Setting extra nationwide targets would go a long way to reduce gaps between Māori and non- Māori in health, a researcher says.
University of Auckland student Dr Esther Willing has been studying health targets for immunising two-year-olds as an example of closing stubborn gaps between Māori and non-Māori.
The government target to increase overall immunisation rates among two-year-olds ended in 2012, and led to a rise in the Māori immunisation rate from 67 to 91 percent.
Dr Willing said the rate finished only 1 percent behind the non-Māori rate, effectively closing a gap which had existed for over 10 years.
"Because there were such big inequities between Māori and non-Māori at the start, those gains that were made by Māori were really big.
"I found that really interesting, because the health target says nothing about improving outcomes for Māori but, as policy, it was actually able to address the inequities that were there for Māori children."
Māori generally have poorer health than other ethnicities in New Zealand.
Māori-specific strategies could be met with resistance from the public, Dr Willing said.
But the national immunisation target meant the health sector was committed to the same goal, and improved their systems to get the job done.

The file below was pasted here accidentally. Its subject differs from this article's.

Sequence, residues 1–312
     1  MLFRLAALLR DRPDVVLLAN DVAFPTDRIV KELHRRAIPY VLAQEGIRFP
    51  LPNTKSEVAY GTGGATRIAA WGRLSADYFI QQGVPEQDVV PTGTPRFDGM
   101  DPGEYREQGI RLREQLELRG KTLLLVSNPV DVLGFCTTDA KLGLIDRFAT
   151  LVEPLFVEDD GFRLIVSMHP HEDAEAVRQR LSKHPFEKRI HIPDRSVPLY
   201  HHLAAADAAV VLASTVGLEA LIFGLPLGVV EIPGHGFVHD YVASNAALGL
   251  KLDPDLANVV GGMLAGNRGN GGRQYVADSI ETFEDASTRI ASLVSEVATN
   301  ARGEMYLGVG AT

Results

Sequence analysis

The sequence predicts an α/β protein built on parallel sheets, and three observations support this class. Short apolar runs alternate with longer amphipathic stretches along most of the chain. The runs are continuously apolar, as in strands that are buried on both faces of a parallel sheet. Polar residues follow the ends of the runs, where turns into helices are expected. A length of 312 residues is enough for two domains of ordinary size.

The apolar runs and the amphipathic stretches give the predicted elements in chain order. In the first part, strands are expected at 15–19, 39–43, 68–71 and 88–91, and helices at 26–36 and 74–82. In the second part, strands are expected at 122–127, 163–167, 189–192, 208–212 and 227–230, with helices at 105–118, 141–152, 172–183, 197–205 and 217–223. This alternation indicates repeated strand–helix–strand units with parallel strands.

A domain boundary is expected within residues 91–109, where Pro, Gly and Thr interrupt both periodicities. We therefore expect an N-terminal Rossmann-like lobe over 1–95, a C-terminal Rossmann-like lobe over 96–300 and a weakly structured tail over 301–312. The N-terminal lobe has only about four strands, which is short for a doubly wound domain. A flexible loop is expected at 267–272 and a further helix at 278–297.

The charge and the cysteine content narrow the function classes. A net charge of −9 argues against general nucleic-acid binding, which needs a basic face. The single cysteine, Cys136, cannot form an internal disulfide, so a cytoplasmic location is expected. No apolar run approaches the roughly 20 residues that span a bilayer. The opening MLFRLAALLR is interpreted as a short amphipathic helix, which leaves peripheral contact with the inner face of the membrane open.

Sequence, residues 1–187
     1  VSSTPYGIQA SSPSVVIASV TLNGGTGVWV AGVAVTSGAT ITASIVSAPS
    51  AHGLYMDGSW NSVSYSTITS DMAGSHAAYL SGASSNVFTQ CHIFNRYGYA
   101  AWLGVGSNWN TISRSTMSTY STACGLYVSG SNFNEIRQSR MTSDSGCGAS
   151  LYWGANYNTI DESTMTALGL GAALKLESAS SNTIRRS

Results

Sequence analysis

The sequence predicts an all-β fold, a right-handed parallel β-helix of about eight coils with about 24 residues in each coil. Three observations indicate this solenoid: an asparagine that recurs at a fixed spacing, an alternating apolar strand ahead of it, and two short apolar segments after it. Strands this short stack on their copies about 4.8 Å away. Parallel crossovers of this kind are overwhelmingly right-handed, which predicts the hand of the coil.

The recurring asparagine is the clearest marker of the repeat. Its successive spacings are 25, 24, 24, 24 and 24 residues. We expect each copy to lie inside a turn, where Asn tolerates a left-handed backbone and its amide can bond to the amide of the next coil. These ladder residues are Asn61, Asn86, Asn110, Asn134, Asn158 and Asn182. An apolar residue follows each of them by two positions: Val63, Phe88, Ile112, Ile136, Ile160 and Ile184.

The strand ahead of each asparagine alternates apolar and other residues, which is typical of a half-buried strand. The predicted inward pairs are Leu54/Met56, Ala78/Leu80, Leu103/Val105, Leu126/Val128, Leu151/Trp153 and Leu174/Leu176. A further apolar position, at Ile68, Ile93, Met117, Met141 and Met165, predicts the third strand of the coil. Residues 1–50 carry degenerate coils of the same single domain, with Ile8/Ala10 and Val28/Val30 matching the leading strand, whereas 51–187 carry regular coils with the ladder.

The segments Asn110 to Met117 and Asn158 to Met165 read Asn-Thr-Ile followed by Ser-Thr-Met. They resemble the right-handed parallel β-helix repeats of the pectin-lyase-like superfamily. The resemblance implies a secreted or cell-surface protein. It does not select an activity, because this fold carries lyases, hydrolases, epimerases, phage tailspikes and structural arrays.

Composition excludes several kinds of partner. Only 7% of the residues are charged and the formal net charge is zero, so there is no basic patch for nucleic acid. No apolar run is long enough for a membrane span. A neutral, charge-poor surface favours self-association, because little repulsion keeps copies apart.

"We know that there are many barriers to accessing primary care for Māori within New Zealand, and so by addressing some of these barriers, they're improving the systems and processes, and DHBs (district health boards) were able to improve immunisation coverage for Māori children.
"It shows that we could actually address health inequities in some areas by focusing on improving the systems and processes within the health system itself."
About half of the babies born in Hawke's Bay are Māori, and its DHB now has higher immunisation rates for Māori than non-Māori.
Hawke's Bay DHB director of population health Dr Caroline McElnay said that was because it strengthened its approach years before the national health target came in.
"We took a very systems approach to the problem and said if we can get the system working for everyone, it will work for Māori as well as for non-Māori."
The focus had been on getting systems and training right, especially with frontline staff who engaged with families at every stage, she said.
Immunisation Advisory Centre director Dr Nikki Turner said a systematic approach could reduce other health gaps between Māori and non-Māori.
It worked for immunisations because everyone was behind the targets but just setting a health target in isolation would not yield the same results, she said.
"It has to be set within a systematic approach to delivering it, which includes being able to measure, being able to feed back and, really importantly, being able to absolutely support the frontline staff to deliver well and to feel supported."
Dr Turner sits on the World Health Organisation International Committee.
New Zealand's move to set immunisation targets was being considered internationally, she said.